Tripitaka is taught to and learned by monks in the monasteries and laypeople are encouraged to learn. From a Tibetan viewpoint, the texts H.H. quoted are included within one of the three baskets. Shantideva's Bodhisattvacharyavatara is included in the Sutra Pitaka (although it is not a sutra), Asanga's Mahāyāna Sūtrālamkāra kārikā is included in the Abhidharma Pitaka, Kamalashila's Stages of Meditation belongs to the Abhidharma Pitaka, Nagarjuna's Karika belongs to the Abhidharma Pitaka as well, and so forth.
In the ninth chapter of the Bodhisattva Deeds, Shantideva explains that anything that is included within one of the three baskets was the speech – or at least the intention – of Lord Buddha. His Holiness the Dalaï-Lama highlighted this principle. In Illuminating the Path to Enlightenment, he writes:
As Dromtönpa lay dying, his head rested on the lap of one of his chief
disciples, Potowa, and he noticed that Potowa was crying. Then Potowa
said, “After you pass away, in whom can we entrust our spiritual
well-being? Who can we take as our teacher?” Dromtönpa replied, “Don’t
worry. You’ll still have a teacher after I’m gone—the tripitaka, the
threefold collection of the teachings of the Buddha. Entrust yourself
to the tripitaka; take the tripitaka as your teacher.”
Furthermore, in 'Transcendent Wisdom', His Holiness writes:
The three baskets are (1) Vinaya, dealing with moral discipline; (2)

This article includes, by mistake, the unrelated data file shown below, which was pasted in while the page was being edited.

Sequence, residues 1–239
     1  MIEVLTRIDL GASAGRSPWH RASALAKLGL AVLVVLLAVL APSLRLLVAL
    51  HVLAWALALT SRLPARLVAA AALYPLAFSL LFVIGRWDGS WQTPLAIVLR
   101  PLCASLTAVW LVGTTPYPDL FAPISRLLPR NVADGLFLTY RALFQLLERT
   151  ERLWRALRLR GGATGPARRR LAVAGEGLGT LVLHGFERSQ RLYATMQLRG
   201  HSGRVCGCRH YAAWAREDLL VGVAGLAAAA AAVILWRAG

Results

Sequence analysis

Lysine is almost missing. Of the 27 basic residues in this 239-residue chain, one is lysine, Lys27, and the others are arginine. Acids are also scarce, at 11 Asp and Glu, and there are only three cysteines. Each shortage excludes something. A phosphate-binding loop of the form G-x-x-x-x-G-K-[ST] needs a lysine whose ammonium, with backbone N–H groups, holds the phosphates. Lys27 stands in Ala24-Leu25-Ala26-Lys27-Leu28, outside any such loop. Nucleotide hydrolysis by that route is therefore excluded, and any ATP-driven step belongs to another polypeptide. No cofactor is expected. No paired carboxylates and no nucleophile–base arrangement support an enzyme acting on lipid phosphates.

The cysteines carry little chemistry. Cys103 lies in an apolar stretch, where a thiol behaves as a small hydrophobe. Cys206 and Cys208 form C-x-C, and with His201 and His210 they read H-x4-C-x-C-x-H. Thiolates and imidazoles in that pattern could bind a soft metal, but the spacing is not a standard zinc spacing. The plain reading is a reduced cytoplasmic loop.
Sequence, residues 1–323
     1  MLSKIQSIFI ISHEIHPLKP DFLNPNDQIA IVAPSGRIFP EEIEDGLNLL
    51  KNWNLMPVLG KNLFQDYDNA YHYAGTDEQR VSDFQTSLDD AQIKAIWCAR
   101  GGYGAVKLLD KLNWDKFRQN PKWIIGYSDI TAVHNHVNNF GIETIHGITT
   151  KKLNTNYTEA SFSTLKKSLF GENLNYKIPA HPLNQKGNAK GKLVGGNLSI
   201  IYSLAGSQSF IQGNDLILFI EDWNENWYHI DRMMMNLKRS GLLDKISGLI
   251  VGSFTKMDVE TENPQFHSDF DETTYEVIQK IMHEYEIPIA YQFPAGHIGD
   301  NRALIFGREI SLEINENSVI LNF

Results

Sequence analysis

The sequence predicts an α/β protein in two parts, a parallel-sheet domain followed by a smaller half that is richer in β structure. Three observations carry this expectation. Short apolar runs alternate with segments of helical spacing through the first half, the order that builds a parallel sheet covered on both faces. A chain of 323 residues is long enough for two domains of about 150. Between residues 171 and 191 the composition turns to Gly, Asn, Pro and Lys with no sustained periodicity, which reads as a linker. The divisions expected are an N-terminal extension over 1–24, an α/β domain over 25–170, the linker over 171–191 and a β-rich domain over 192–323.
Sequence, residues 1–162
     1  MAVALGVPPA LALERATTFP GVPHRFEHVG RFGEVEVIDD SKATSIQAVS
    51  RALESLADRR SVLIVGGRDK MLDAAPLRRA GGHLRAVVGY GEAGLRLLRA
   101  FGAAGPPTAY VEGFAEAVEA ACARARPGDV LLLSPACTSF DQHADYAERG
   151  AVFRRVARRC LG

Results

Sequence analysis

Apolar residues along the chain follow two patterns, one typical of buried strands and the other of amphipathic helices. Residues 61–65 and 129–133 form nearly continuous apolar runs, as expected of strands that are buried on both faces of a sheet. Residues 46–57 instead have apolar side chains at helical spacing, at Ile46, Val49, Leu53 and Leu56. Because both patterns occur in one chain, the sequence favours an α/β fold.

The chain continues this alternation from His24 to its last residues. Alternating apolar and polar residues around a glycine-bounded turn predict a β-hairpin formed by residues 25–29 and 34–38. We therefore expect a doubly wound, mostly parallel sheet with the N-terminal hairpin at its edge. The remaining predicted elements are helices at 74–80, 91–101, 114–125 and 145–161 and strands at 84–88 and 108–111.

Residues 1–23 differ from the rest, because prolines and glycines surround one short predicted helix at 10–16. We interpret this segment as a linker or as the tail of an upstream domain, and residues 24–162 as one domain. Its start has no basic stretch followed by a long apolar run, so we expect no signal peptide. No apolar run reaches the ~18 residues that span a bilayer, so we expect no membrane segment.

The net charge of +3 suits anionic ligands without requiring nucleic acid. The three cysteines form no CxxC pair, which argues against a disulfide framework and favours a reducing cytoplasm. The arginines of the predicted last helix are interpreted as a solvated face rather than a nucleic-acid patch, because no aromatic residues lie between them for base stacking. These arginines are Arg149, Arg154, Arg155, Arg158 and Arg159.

Sutra, dealing with the training in meditative concentration and other
facets of the path of awakening; and (3) Abhidharma (sometimes
translated as "higher knowledge"), concerning a diversity of topics
ranging from psychology to cosmology. For a further explanation see
Opening the Eye of New Awareness, pp. 47-52.
We hold that the Tibetan translators showed to which basket the text they were translating belonged, by way of paying particular homage. As His Holiness writes in his commentary to Stages of Meditation:
The intention [of the Tibetan translator paying homage when
translating Nagarjuna and so forth] was to cearly indicate to which of
the three divisions [the pitakas, or baskets] of the Buddha's
teachings any sutra or commentary belongs. [It goes as follows:]
1. Supplication is made to all Buddhas and Bodhisattvas if a text belongs to the Collection of Discourses [i.e. Sutra Pitaka].
2. And if a text belongs to the Collection of Knowledge [i.e. Abhidharma Pitaka], supplication is made to Manjushri.
3. In order to indicate that a certain text belongs to the Collection of Discipline [I..e Vinaya Pitaka], supplication is made to the